Monday, May 5, 2014

How Chronic #Migraines and #Fibromyalgia Changed This Morning Person

I was born a morning person. All my life I have been the first person awake and I'm talking the first by at least 2 hours, frequently more. When I was really young, I would get up and watch old sitcom reruns of Donna Reed, Mister Ed, The Patty Duke Show, I Love Lucy and Leave It To Beaver on Nick-At-Nite. Then I would play Super Mario Bros and get ready for school.

Sleep overs were always a double edged sword. It was all fun and games until I woke up at 3:00 or 4:00 am, a good 6 hours until anyone else would wake up. I was convinced that I was the only teenage girl in the world who couldn't sleep all day, certainly the only one among my peers. This made the mornings after quite boring and frustrating.

When I was older and living on my own I would often venture out to do my grocery shopping in the wee hours of the morning. I could get groceries, hit the laundry mat and clean my entire apartment before 10:00 am on a Saturday. Leaving me full of satisfaction and feeling ready to take on the world.

That's the thing about being a morning person. It is not just that my body naturally always woke up early, it's that there were psychological consequences (positive and negative) associated with what time I woke up. On the rare occasion that the sun rose before I did, I felt like I had already missed out on the day. Things were happening and I was going to miss them because I was sleeping. Doesn't sound like a big deal but it felt like it at the time. I liked being the first one up. I felt like I was able to get a jump on the day and have some time to just do whatever I wanted. Early mornings are quiet, peaceful and full of possibilities. Being awake during this time made me feel prepared, fresh and ready for whatever was to come.

Yep, I have a long and beautiful history with the early morning hours.

But something happened.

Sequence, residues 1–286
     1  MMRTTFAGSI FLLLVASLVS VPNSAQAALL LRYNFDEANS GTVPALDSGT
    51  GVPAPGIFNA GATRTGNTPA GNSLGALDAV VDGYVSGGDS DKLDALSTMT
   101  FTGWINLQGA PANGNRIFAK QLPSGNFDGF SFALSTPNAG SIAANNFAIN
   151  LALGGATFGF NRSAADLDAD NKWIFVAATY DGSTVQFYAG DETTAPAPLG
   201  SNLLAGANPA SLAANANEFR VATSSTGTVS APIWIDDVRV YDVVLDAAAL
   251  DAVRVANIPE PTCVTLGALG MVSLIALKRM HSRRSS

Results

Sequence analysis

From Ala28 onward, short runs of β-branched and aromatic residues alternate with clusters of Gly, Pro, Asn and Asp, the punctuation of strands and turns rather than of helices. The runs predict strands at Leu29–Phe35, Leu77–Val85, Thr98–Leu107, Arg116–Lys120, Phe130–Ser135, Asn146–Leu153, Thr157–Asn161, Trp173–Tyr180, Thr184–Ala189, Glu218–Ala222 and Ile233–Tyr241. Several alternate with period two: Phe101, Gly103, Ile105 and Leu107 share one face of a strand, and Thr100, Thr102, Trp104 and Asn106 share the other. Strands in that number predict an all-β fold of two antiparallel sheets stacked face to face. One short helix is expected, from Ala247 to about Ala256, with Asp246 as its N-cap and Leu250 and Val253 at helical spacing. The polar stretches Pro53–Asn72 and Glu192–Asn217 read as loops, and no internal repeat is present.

Years of living with chronic pain has taken a toll on my ability to enjoy this sacred morning time. I blame it on the accumulative nature of my chronic migraines, fibromyalgia, pills, fatigue, poor sleep quality and difficulty falling and staying asleep. It took years of this crap to change what was both a natural function of my body and a deeply ingrained, beloved habit. But change it did, slowly over time. Unfortunately, after 8 years there is no trace of the woman who used to wake up and be propelled out of the warm, comforting embrace of bed by the excitement of tackling the tasks of the day. Instead, I wake up sore literally from the the tip of my toes to the tip of the hairs on my head and every spot between, as though I had just spent the hour prior to waking running one of those American Ninja Warrior courses. In addition to the daily pain and soreness that greet me each morning, I also wake groggy and tired as though I had been awake all night and only just fallen asleep 45 minutes ago.

Waking up feeling rested and refreshed is now just a distant memory. I'm still a very disciplined person and so I manage to get myself moving every morning despite serious urges to the contrary. I feel like it is important for me - for this early morning soul that I'm certain still resides deep inside me - even if getting up and getting some food and pills is the only thing I can manage before laying back down.

Let's just add this to the long list of major life changes that chronic pain has brought about.

1 comment:

  1. I have never been a morning person but the time I get up in the day is rather ridicules but since, like you, I ache all night long and wake up every couple of hours, I stay in bed as long as possible. I have to just to function the few hours I am with it and awake. Pain has taken much from me.